Hey, Anon, that’s a really swell thing to say. It really is. I’m glad you enjoy our threads and my writing—as much as I love writing them for my own sake (and my rp partner’s!), it’s… a different level of humbling and joy that other people also enjoy them.

This really made my day. It’s… been rough for me the last few days (well, year and some change, really, but more immediately I mean), and this message put some hope and happiness back in my heart. So, thank you for sending a shoutout to this random person on the internet who likes to write and throw those words into the void to see where they land. I really, personally, appreciate it, and I hope you continue to enjoy and Feel Things™️ from our threads, and maybe even my fics. I’m fortunate you were touched enough to send something!

If you’re feeling it, I suggest a oneshot prompt: ‘come here, you can sit on my lap till I’m done working’ ;)

I hope this works for you, Anon!

A bored sigh accompanied the creaking of a chair across from where he sat. Zuko didn’t look up from the spread of scrolls and letters before him.

The quiet rustle of cloth followed not to long after, and slender taupe fingertips slid into the edge of his view. He ignored the urge to look up at her and ignored the little wiggling of her fingers to try and get his attention.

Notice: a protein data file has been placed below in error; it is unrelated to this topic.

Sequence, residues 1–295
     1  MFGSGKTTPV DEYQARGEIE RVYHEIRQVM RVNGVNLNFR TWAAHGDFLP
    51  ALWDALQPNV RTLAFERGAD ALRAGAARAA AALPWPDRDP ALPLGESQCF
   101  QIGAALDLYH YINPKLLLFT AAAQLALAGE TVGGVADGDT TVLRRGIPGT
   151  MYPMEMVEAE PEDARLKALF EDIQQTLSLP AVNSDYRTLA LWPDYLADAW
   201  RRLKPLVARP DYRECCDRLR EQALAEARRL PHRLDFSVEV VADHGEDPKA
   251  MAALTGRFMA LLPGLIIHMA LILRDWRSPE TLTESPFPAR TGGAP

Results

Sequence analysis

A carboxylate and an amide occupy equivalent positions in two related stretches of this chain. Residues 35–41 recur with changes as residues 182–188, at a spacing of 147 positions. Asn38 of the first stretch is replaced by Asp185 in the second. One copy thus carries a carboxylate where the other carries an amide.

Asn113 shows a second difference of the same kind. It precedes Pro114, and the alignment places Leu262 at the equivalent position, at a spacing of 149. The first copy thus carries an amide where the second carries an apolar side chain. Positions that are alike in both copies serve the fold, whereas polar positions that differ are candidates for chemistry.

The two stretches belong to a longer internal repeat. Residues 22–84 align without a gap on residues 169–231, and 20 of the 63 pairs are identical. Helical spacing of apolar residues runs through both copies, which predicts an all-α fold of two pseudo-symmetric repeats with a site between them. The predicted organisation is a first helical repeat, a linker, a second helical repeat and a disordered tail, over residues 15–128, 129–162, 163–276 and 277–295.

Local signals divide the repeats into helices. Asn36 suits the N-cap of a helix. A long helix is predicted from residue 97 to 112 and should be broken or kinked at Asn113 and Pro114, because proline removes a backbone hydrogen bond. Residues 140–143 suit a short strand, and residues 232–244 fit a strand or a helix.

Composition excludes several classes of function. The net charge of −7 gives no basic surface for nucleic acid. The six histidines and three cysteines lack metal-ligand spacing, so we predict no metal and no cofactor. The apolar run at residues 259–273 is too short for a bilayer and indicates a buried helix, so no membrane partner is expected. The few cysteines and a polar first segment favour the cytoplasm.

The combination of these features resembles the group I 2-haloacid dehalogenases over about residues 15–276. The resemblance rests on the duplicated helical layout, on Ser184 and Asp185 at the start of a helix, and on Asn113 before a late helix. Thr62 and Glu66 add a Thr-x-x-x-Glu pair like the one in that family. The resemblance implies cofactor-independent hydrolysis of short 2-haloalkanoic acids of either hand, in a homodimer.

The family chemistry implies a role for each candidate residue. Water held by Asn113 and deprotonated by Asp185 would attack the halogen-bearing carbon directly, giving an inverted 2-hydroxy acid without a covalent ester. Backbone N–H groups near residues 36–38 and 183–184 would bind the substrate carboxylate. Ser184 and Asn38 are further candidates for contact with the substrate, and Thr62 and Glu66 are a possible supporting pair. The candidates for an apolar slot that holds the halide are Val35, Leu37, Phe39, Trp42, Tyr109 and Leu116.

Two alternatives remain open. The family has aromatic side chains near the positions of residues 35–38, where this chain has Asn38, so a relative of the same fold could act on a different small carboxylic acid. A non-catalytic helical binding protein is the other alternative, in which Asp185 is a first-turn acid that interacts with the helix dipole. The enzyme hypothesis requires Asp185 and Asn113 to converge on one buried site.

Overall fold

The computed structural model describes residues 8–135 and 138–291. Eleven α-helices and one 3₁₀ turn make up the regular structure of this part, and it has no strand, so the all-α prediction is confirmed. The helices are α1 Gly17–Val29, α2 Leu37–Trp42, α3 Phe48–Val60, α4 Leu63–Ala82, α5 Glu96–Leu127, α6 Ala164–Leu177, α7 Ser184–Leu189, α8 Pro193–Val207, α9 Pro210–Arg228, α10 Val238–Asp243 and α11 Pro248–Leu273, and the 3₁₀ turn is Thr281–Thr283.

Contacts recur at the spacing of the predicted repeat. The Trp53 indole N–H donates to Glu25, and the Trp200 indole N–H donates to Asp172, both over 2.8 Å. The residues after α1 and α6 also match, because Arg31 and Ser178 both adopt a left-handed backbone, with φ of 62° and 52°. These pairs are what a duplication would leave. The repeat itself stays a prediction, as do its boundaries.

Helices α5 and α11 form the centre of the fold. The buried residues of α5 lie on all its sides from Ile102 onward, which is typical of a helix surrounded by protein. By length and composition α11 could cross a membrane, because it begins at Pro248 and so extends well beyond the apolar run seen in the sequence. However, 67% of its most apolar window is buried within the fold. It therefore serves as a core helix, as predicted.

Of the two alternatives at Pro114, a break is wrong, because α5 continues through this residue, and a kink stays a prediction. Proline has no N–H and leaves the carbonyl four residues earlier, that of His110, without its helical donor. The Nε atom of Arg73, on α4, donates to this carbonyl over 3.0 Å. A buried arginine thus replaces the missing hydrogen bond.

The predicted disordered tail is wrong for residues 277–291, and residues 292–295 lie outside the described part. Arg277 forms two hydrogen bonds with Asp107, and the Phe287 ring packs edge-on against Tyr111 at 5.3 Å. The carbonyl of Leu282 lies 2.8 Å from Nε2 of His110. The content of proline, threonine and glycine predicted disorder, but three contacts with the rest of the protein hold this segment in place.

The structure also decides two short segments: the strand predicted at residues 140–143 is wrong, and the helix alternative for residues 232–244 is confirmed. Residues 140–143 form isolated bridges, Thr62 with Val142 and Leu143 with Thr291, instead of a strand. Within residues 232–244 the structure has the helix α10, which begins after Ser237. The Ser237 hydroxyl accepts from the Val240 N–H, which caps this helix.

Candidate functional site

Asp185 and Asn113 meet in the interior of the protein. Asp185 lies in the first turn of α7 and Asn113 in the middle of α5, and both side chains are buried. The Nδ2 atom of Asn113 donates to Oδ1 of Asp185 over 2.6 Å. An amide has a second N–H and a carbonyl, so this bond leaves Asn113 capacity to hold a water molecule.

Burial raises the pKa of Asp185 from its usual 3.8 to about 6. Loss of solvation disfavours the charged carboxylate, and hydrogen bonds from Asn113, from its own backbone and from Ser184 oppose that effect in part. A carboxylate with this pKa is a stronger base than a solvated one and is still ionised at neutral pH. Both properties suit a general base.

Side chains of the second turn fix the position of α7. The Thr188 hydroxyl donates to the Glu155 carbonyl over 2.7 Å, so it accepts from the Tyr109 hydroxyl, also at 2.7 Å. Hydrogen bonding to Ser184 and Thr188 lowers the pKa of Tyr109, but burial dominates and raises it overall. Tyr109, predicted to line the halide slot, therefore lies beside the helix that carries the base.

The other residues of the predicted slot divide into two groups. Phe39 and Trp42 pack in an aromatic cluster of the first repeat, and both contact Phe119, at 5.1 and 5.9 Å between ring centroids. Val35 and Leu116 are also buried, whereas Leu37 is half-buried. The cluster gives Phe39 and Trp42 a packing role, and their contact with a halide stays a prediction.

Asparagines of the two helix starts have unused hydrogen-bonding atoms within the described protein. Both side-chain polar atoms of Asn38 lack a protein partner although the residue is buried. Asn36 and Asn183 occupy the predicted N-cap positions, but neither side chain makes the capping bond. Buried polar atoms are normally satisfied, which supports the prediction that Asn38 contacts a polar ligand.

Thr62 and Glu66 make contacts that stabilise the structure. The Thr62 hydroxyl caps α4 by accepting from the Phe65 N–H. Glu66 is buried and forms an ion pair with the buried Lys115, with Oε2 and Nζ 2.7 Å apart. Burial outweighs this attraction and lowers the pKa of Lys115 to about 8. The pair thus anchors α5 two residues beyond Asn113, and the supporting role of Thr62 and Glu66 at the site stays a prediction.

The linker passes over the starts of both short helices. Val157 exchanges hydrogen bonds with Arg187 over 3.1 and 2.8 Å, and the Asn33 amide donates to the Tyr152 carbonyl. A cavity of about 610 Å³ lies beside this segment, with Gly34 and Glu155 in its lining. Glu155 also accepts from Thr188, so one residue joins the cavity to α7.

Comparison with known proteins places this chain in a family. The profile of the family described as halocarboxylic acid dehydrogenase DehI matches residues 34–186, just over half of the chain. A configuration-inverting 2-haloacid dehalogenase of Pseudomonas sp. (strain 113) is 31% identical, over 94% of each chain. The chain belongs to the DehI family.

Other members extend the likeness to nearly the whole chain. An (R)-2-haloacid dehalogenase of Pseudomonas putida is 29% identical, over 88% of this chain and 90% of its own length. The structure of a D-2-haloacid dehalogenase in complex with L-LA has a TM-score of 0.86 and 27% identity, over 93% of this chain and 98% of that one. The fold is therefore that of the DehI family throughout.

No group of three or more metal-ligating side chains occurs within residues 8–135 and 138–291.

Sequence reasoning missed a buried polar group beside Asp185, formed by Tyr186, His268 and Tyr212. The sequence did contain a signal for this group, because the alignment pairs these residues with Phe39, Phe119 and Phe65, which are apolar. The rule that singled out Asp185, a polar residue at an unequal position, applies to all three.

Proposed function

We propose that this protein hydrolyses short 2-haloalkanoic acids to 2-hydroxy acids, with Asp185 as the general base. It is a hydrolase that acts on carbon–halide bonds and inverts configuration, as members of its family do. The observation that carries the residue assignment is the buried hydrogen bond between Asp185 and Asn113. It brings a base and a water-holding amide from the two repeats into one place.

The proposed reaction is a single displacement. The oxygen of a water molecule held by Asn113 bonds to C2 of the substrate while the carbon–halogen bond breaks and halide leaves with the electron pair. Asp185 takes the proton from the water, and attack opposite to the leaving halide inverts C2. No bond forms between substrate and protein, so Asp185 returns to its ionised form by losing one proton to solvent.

He scratched out a few notes on a slip of paper. One of Katara’s fingers reached and stretched and tapped the end of his writing brush just ever so lightly. He closed his eyes.


He opened his eyes again, only to refocus them–very obviously–on the work in front of him. “Mm,” he said, trying to sound busy.

If he had a good, solid hour to work on this, he could probably get his outline done. One of the toughest things he’d run into after taking up the full mantle of Fire Lord after reaching his majority was reestablishing a solid foundation for the economy. Being at war for a century meant that they didn’t really have to worry about trade agreements or import taxes or selling their exports. Now that the war was over, however, those were all things they desperately needed. Of course, none of the other nations were offering any kind of leeway or help, either. The Fire Nation had been doing just fine during the war, after all, why should they need help now? Except–they hadn’t been doing fine. War benefitted those in power and those who already had money who weren’t in danger of losing any. The poor who didn’t have much to begin with far too often lost what little they had, and the gap between his poorest citizens and the nobility had grown frighteningly during the last few decades–